Dickey waxed sympathetic about his weekend warriors, stating, “My men are decent guys… Suburban people, especially these fellows, are supposed to go out there and look at nature a little bit…have fun before it all disappears.”

He expounded on his dramatic treatment of their journey through Hell:
“I’ll tell you what I really tried to do in Deliverance. My story is simple: there are bad people, monsters among us. Deliverance is really a novel about how decent men kill, and the fact that they get away with it raises a lot of questions about staying within the law—whether decent people have the right go outside the law when they’re encountering human monsters. I wrote Deliverance as a story where under the conditions of extreme violence people find out things about themselves that they would have no other means of knowing. The late John Berryman…said that it bothered him more than anything else that a man could live in this culture all his life without knowing whether he’s a coward or not. I think it’s necessary to know.”
Having briefly mined symbols and themes, we now return to that college professor who mentioned Deliverance simply as an aside as he proceeded over the semester to pedagogically reduce and amplify the beauty and meanings of Inferno.

Wallace Fowlie was a remarkable teacher of more than 6,000 students during a career that spanned seven decades. An expert in French and, to a lesser extent, Italian literature, he
published more than 50 books of translations, criticism, memoirs, poetry, and a novel. During his final years he taught a cycle of three courses: Dante’s Inferno, the French symbolist poets, and Proust.

The number three, which the triangle realizes in space, has gleamed with mystical import for many cultures. For Greeks and Romans it
symbolized among other things, “completeness in narrative time (beginning, middle, end).” Deliverance is structured as a Before, During and After, indicative of the archetypal, heroic, transforming voyage.

For Catholics, three represents the Holy Trinity. In the Commedia, Dante practiced “triadomania” (which we might term an artistic fetish for the number three) on several levels, according to Thomas Bergin, as cited by another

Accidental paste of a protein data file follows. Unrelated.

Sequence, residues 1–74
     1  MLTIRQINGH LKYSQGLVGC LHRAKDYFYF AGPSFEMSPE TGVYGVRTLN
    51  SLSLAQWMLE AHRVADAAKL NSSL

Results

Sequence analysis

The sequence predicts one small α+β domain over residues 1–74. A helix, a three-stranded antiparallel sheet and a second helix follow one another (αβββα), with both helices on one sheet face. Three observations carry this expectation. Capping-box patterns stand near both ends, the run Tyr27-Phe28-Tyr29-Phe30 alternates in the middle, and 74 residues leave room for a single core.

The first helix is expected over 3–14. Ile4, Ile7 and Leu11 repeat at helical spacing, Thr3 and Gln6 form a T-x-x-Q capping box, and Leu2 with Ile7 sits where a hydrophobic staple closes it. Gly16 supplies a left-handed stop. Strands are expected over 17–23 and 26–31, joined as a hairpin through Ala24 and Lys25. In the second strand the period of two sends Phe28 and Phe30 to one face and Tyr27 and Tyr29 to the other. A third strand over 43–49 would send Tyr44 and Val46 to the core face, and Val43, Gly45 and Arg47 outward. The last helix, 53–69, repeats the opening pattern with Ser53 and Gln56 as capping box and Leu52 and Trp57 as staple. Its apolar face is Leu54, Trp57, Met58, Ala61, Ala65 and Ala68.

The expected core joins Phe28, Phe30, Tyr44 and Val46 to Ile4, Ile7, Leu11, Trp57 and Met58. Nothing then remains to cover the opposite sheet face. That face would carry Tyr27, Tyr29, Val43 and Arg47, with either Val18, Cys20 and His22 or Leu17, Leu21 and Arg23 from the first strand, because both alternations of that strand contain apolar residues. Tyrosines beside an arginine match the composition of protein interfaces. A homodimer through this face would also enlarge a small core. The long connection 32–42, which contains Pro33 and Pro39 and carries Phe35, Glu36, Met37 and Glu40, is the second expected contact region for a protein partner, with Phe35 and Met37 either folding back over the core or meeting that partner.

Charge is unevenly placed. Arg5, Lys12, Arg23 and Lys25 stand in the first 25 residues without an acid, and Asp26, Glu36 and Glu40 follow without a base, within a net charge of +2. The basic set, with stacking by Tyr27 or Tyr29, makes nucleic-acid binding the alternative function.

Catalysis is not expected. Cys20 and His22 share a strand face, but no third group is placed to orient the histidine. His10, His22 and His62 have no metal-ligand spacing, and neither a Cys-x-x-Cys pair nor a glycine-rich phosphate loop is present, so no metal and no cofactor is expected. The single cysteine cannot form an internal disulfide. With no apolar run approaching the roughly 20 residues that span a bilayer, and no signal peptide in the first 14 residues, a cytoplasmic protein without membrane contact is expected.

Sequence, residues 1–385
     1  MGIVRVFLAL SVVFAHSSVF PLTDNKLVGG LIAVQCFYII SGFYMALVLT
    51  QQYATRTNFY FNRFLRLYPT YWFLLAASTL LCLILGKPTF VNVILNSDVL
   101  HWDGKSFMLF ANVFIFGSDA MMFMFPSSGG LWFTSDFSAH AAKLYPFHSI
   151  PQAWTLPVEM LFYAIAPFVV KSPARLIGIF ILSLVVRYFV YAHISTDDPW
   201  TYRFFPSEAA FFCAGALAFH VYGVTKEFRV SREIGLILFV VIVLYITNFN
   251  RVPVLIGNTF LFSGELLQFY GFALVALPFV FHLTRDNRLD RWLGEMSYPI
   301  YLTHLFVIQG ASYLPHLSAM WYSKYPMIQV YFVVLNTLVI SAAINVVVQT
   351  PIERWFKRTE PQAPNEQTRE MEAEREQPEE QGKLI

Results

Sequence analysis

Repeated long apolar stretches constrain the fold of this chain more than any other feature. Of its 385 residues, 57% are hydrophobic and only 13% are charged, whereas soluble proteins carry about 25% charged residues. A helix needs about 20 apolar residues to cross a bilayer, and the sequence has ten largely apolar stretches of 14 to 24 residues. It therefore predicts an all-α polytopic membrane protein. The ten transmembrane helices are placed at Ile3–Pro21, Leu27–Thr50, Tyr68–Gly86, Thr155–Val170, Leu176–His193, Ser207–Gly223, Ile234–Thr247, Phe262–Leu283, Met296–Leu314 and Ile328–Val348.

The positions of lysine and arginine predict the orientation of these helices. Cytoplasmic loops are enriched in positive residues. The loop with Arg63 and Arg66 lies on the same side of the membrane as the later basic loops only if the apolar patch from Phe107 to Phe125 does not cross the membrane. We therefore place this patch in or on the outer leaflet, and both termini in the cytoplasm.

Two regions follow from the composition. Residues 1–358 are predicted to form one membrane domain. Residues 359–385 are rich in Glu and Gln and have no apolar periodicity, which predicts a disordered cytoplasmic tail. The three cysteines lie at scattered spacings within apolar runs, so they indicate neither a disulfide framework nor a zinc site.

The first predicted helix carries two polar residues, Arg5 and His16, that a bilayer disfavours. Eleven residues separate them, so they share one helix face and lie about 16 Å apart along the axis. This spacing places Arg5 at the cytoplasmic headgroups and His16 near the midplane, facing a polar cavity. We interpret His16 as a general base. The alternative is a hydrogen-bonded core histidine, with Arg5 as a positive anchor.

lecturer.

The centathlete recalls a typical Wallace Fowlie lesson as divinely threefold. First, the professor read from Inferno in the original Italian, exhibiting the poem’s sonic excellence. Second, he illuminated several motifs and details of the particular canto. Third, he related an anecdote from personal experience in which the masterpiece resonated (ex. He dined with an Italian nobleman who said he was directly descended from a pope damned by Dante). This last stage, the connection between classic literature and everyday life, made Fowlie’s lessons especially engaging and enlightening.

A cohesive, brief biography is not readily available on the Internet, so the centathlete cobbled together the following
curriculum vitae (Latin for “the course of one’s life”) based on Fowlie’s own Journal of Rehearsals, Stephen Martin’s article, “A Catholic Presence: Duke’s Wallace Fowlie,” and other sources. Here then, with apologies for any errors (which will be corrected), is a digested biography of Wallace Fowlie, posted on his birthday:

1908
Born November 8 in Brookline, MA, a suburb of Boston.
1920
In the 7th Grade takes Introductory French, beginning a lifelong love affair and career.
1922
At age 13 attends a lecture in Boston by the French poet,
Paul Claudel, a subject of future literary studies.
1927
Enters Harvard University in the second semester after a long illness.
1928
At age 19, before his junior year, travels to France for the first of at least 20 times throughout his life.